Trump, Republicans and the Art of Political Irresponsibility
By Kurt Loft
America is slouching toward bedlam.
The leading GOP candidate for the highest office in the land is whipping his base into a froth, and not the kind you see on a beer. This is one of hate and revulsion, using the tools of Hitlerian propaganda for a democratic shakedown.
His pettiness, arrogance, viciousness, and dearth of empathy all counter reason. He contends to be a victim, and our system of law and order is to blame. And it’s soon coming to a polling precinct near you.
His latest contravention is in response to the Hamas assault on innocent Jews. In the view of the GOP liberator, the Iranian-backed Hamas is showing how “smart’’ it is, even if such intelligence translates to the slaughter of women and children.
This isn’t just history repeating itself − it’s behavior some people allow to happen again. Imagine the MAGA base metastasizing into a second Trump presidency. Imagine a democratic vacuum. And we all know that evil loves a vacuum.
“Trump has no true allies or ideological commitments. He is reactive, driven by personal grievance, knee-jerk contrarianism, and admiration for strength and violence,’’ notes David Graham in the Atlantic Monthly. “In this case, that means bearing an old grudge against Netanyahu, opposing whatever Joe Biden is doing, and being impressed by the ruthlessness of Hamas’s attacks.’’
What unfolded in Gaza is another example of democracy in regression, if not relentless contrasts in religious ideologies. Add to this Putin’s thirst for nation conquering, North Korea’s nuclear saber rattling, and China’s looming shadow over Taiwan, and you are serving a stew of chaos for dinner.
But Trump loves this kind of meal. With more of our enemies squeezing democracy, Republicans retreat into isolationism, which as we know had disastrous consequences following World War I. It should not be an option today, argues former U.S. Secretary of Defense Robert M. Gates in his essay “The Dysfunctional Superpower’’ in Foreign Affairs magazine.
“The United States now confronts graver threats to its security than it has in decades, perhaps ever,’’ Gates writes. “Never before has it faced four allied antagonists at the same time − Russia, China, North Korea, and Iran − whose collective nuclear arsenal could within a few years be nearly double the size of its own.’’ By embracing dictators, Trump and his MAGA base promote an isolated America. But we should expect more from moderate Republicans seeking damage control. It isn’t happening; Republicans in the House can’t even find a gavel to begin sessions much less sketch a plan for American security.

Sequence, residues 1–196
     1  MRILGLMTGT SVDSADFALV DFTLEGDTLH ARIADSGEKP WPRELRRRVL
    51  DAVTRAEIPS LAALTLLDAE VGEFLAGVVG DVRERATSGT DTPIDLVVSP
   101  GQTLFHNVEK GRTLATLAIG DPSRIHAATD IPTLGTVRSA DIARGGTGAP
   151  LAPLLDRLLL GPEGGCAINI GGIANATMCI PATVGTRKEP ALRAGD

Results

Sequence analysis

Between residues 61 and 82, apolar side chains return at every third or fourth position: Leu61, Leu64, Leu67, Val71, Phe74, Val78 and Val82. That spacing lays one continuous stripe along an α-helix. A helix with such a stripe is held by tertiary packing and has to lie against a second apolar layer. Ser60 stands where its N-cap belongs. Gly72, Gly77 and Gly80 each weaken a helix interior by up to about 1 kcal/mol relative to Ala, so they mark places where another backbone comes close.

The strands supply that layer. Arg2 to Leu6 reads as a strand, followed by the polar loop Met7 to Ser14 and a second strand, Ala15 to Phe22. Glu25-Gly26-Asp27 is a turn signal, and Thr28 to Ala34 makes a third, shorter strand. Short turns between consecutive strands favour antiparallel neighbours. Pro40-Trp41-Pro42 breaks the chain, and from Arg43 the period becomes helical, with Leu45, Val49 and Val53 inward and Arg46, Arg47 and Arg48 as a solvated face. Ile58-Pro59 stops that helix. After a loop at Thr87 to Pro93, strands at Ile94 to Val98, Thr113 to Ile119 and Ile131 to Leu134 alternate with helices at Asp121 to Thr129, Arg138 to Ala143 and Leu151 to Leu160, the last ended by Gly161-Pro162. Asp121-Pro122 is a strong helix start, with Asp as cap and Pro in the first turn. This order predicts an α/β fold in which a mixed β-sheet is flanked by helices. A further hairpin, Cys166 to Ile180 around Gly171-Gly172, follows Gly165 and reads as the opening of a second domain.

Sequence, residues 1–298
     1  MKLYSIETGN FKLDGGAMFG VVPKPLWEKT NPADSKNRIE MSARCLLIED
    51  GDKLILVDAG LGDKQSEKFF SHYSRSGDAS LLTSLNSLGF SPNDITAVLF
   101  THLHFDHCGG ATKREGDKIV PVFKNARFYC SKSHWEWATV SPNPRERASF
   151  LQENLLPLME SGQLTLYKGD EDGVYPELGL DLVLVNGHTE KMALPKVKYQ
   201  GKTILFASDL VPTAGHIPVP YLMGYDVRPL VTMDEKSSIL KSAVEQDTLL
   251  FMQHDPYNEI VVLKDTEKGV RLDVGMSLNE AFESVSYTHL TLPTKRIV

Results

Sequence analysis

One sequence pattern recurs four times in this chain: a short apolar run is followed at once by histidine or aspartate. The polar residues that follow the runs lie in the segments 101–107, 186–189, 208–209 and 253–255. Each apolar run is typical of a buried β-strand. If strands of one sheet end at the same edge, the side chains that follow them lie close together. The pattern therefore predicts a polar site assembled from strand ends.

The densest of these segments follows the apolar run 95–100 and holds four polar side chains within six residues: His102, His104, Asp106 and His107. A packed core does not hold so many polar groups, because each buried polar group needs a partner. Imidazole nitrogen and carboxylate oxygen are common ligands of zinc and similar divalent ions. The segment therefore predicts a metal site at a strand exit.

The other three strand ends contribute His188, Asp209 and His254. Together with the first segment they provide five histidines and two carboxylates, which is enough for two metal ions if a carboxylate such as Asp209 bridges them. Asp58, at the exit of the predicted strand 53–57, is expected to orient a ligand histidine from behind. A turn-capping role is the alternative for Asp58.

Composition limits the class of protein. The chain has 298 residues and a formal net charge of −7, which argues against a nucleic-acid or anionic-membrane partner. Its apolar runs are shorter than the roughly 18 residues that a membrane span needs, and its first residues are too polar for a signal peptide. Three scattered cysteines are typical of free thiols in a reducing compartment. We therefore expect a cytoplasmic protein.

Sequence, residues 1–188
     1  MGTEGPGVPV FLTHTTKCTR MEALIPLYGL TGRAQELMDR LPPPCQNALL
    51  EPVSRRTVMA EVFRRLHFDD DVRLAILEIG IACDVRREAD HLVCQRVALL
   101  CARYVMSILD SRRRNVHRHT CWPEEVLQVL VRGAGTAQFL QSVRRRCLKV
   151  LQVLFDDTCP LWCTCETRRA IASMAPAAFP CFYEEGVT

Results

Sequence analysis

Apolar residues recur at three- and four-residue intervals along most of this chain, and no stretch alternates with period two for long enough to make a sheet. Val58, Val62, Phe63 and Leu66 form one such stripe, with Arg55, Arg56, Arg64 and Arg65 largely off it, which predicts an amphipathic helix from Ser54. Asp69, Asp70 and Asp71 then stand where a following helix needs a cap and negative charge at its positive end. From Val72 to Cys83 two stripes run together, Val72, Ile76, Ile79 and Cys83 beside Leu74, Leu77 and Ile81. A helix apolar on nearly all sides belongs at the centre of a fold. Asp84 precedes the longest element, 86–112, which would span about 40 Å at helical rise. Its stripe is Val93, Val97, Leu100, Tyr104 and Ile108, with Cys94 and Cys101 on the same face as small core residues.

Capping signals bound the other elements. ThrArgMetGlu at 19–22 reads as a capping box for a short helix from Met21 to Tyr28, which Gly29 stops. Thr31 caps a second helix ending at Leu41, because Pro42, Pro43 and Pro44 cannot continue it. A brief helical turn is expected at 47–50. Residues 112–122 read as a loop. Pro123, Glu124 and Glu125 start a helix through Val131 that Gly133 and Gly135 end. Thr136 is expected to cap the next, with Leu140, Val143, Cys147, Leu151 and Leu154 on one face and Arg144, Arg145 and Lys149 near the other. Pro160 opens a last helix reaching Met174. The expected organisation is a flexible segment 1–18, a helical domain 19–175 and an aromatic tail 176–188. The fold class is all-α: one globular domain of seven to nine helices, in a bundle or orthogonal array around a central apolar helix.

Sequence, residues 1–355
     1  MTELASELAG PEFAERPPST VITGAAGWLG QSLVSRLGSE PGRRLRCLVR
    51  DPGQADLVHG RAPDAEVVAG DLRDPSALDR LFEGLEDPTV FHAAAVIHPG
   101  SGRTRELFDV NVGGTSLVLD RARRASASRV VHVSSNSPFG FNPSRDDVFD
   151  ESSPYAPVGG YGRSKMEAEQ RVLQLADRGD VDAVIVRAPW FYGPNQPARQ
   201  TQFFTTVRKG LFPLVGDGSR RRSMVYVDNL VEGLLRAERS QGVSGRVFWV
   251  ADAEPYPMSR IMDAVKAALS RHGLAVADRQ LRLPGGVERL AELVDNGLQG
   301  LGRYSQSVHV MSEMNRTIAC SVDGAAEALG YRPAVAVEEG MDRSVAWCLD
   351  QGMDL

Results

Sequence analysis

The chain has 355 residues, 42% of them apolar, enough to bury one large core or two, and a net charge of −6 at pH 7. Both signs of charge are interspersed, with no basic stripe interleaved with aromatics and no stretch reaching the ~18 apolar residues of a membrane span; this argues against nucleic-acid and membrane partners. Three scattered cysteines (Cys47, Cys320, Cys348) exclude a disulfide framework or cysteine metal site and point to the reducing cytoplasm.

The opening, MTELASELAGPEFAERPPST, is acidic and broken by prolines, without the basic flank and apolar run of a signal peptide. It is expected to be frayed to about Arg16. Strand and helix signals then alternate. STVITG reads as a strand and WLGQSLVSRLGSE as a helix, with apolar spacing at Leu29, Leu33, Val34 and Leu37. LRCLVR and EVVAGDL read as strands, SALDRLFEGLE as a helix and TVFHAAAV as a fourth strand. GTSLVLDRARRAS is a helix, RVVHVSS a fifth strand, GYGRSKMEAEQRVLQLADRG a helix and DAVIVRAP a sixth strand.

“They’ll complain about Trumpism and the extremists,’’ Rep. Becca Balint (D-Vermont), told MSNBC about the moderates. “They’ll tell us they’re disgusted by their extreme MAGA colleagues. And yet they don’t band together, and they don’t speak up. Their silence enables the extremists and threatens the health of our democracy.’’
If re-elected, Trump would continue his appalling dalliances with tyrants, and based on prior behavior, would likely lay a red carpet for Vlad the Impaler and the bulldozing of Ukraine. The Russian leader is hellbent on destroying an entire generation of people he despises.
“Trump is unambiguously supporting Putin, as is a growing cohort of congressional Republicans who, by opposing material aid to Ukraine, are preparing to enable Trump to keep his promise to end the war ‘in 24 hours,’ ‘’ writes conservative columnist George Will in the Washington Post. “This would consign Ukraine to eventually losing the 82 percent of its territory that Putin has not yet seized.’’
Republican presidential aspirants, Will argues, should stop tiptoeing around the crucial fact that Trump is a threat to national security, and responsible members of the party should end the carousel of “moronic, clownish politics.’’
“Never has there been such a disjunction,’’ he notes, “between the seriousness of the nation’s problems and the irresponsibility of its political class.’’